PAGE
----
nick

I’ve paddled a canoe that I built across a river, and playing a ukulele that I made and making an audience laugh with my song, both of them feel sort of equally super heroic. You’re in touch with an elemental part of the human capacity, like, “Oh. If [censored] goes down and society gets wiped out, I am able to make a tree into a floating vessel that will get us to Catalina, so we can still have a wine mixer even after the apocalypse.”

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“The Ukulele Song” by Nick Offerman. Why can’t we all get along for a minute? Everybody’s all Palestinian or Israeli If we’ll just head down to the shop and enjoy the tools in it We could build a pacifying ukulele [Volume decreases and continues under the dialogue.]

jesse

Nick Offerman on the thing he wishes he made: the Gibson J-200 guitar. As we said before, Nick’s reality competition show is called Making It. You can watch it on NBC. You can also hear Nick’s voice on the very funny animated sitcom, The Great North. And if you want some drama, he starred on the science fiction show Devs, which you can stream on Hulu. He also has his own woodshop, called The Offerman Woodshop, here in Los Angeles. They make all kinds of stuff. And he was nice enough recently to refer me to a guy named Max Wilson who made some built-in shelves for my house. So, thank you Nick.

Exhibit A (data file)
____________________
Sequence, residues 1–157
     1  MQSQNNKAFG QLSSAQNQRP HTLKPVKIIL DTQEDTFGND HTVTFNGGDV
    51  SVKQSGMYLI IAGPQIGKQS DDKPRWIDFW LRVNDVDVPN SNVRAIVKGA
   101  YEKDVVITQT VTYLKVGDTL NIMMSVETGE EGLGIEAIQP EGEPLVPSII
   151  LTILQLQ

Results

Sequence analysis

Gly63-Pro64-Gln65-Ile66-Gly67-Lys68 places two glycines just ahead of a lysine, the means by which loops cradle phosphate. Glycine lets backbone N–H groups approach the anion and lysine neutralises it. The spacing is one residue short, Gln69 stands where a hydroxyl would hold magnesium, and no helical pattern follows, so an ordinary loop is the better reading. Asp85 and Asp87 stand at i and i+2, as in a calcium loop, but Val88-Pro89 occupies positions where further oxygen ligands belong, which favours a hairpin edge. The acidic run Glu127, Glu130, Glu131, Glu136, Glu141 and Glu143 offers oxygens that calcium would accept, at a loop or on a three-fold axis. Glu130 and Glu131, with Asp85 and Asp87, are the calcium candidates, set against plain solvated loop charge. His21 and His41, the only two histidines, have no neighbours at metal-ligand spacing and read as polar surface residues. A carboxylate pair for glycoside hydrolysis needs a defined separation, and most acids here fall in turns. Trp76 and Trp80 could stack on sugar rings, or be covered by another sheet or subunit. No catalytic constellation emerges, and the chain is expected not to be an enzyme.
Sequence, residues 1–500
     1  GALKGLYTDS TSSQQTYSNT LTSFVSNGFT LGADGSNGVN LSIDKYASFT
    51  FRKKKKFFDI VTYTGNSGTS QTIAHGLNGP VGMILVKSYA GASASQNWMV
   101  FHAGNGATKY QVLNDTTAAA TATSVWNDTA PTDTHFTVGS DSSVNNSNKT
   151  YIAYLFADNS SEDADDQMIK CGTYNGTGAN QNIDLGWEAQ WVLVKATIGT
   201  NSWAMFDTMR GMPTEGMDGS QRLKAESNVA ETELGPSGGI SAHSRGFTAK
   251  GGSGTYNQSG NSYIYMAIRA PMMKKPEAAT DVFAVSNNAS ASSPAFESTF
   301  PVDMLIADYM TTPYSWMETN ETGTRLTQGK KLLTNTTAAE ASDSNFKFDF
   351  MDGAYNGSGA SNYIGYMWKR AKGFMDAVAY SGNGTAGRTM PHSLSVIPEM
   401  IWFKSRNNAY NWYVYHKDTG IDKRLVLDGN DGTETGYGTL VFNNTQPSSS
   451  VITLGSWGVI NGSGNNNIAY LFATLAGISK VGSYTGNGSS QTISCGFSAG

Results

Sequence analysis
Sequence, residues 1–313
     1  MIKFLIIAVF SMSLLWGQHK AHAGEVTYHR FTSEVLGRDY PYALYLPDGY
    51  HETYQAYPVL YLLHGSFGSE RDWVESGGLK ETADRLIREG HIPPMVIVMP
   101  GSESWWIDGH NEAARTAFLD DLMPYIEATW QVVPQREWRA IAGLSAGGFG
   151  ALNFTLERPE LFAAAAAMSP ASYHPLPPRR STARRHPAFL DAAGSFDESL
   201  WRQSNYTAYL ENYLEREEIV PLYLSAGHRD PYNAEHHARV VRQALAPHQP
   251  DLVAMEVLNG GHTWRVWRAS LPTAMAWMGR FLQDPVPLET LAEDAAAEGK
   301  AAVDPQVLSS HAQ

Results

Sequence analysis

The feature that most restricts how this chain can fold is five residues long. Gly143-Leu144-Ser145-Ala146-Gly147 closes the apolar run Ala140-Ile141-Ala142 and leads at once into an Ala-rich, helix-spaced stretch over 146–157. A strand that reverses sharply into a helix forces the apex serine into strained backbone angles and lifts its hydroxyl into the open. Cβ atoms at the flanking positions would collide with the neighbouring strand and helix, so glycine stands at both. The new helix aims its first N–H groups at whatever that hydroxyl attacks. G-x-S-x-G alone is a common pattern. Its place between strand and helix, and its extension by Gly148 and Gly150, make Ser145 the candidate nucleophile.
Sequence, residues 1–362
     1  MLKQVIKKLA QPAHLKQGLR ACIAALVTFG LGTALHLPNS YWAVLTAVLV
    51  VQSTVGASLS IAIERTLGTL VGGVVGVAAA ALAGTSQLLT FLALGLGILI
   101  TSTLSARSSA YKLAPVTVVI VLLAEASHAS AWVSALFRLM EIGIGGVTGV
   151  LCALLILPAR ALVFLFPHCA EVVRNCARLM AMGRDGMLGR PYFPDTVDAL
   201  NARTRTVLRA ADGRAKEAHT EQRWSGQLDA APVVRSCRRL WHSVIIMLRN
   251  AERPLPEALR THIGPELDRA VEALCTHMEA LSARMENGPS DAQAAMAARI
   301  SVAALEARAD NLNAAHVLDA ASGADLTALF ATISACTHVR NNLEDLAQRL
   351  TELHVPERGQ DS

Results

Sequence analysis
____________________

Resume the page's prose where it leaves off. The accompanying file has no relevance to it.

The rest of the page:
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[Volume increases.] Uku-I love ukulele, ukulele [Song ends and Nick bursts into laughter.]

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Upbeat music.

jesse